Ever wonder why some plants survive and even thrive with little water, high heat, and intense sun, while others struggle and die? The answer lies in their anatomical characteristics.
Plants dubbed ‘’drought-tolerant,’ or what Sunset Western Gardening Book terms ‘water-wise,’ need little supplemental watering. Broadly speaking, these troopers have adapted their biology to:
- store water or trap moisture in leaves, stems, or flowers
- limit water loss through evaporation or transpiration
- keep the plant cooler by reflecting sunlight or providing some shade
- seek water from Mother Nature
As Matthew J. Diserio of Water Asset Management expressed in Investors are Mining for Water, the Next Hot Commodity, “Water is the scarce resource that will define the 21st century, much like plentiful oil defined the last century.” Homeowners are mining for water too, as shortages force them to convert water-intensive lawns and plantings to water-wise alternatives.
The trick is to choose plants endowed with low consumption/square foot and hot, dry adaptive traits. Consumption/square foot can be calculated from water use and mature sizes noted on nursery tags and countless online lists. A handful of traits can be found in references such as Purdue University’s Plant Diagnostic Laboratory and Green Garden Group’s The Drought Tolerant Garden.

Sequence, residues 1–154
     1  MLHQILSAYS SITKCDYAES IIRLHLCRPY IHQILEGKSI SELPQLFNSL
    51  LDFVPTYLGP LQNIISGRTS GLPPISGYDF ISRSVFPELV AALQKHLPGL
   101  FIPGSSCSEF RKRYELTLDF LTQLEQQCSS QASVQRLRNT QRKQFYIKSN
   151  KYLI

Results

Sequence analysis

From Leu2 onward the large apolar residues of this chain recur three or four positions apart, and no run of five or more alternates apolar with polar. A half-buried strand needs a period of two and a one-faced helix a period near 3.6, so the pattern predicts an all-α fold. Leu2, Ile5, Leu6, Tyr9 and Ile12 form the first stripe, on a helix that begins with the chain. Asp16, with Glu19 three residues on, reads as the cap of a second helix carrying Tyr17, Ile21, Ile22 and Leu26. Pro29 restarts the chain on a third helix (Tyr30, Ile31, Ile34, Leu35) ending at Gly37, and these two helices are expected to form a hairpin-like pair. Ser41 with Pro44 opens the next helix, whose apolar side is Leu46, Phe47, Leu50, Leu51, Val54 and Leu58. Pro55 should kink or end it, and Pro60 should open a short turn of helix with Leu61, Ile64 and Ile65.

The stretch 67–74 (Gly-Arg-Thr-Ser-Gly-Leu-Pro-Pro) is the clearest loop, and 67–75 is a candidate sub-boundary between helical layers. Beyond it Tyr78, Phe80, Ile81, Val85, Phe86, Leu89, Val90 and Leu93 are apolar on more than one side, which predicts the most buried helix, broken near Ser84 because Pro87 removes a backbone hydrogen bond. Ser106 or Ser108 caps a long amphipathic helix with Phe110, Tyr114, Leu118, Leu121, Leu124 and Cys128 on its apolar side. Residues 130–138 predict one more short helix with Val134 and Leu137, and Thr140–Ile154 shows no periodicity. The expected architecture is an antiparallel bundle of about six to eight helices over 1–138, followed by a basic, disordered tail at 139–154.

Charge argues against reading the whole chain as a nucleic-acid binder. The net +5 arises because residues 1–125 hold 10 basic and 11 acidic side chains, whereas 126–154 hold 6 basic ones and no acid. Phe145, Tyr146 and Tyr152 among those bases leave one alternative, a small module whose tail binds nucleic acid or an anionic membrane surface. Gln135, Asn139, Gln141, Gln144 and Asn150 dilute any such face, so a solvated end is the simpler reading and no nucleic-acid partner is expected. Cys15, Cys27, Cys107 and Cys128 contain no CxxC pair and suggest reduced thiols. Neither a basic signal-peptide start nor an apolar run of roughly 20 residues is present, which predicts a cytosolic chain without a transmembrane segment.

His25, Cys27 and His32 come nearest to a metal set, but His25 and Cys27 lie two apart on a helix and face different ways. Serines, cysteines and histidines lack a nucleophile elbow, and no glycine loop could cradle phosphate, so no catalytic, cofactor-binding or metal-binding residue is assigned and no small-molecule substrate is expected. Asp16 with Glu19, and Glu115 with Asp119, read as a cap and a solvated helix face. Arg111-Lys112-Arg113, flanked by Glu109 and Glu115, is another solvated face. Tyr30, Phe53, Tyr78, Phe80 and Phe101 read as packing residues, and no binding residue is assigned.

The comprehensive set of 15 traits below, each with representative plants, is derived from systematic analysis of available resources. An X in a column indicates that trait has that anatomical adaption. The more X’s a plant has, the more it tends to tolerate the stress of little water.
|Water-wise Plant Traits
||1. Store or trap moisture
||2. Limit water loss
||3. Keep plant cool
||4. Seek water
|1. Spongy leaves and stems that suck up water, e.g. Aloe, agave||X||X|
|2. Hairs that reflect light, grab water, slow airflow, e.g. Lamb’s ear, lavender||X||X||X||X|
|3. Small leaves or needles with less surface area, e.g. Rosemary||X||X|
|4. Lacy foliage with deep indentations, e.g. Russian sage, yarrow||X||X|
|5. Waxy coatings that reflect light, hold moisture, e.g. Pittosporum, sedum, aloe
|6. Stiff, leathery leaves that hold onto water, e.g. Madrone, oleander||X||X|
|7. Summer-dormant plants that drop leaves, e.g California buckeye. black sage||X|
|8. Gray, silver, or white foliage that reflects light, e.g. White sage, variegated
|9. Vertical leaves that avoid midday sun, e.g. Manzanita, prickly pear||X||X|
|10. Restricted growth of leaves and stems, e.g. Cacti||X|
|11. Long, narrow leaves or needles that shed heat, e.g. Native grass||X|
|12. Spines that provide some shade, e.g. Barrel cactus||X|
|13. Aromatic oils that cool plant or lessen loss, e.g. Chaparral, sage, thyme, rosemary
|14. Long roots to tap deep groundwater, e.g. California oak, olive
|15. Lateral root network to soak up rain and fog, e.g. Native ceanothus, California oak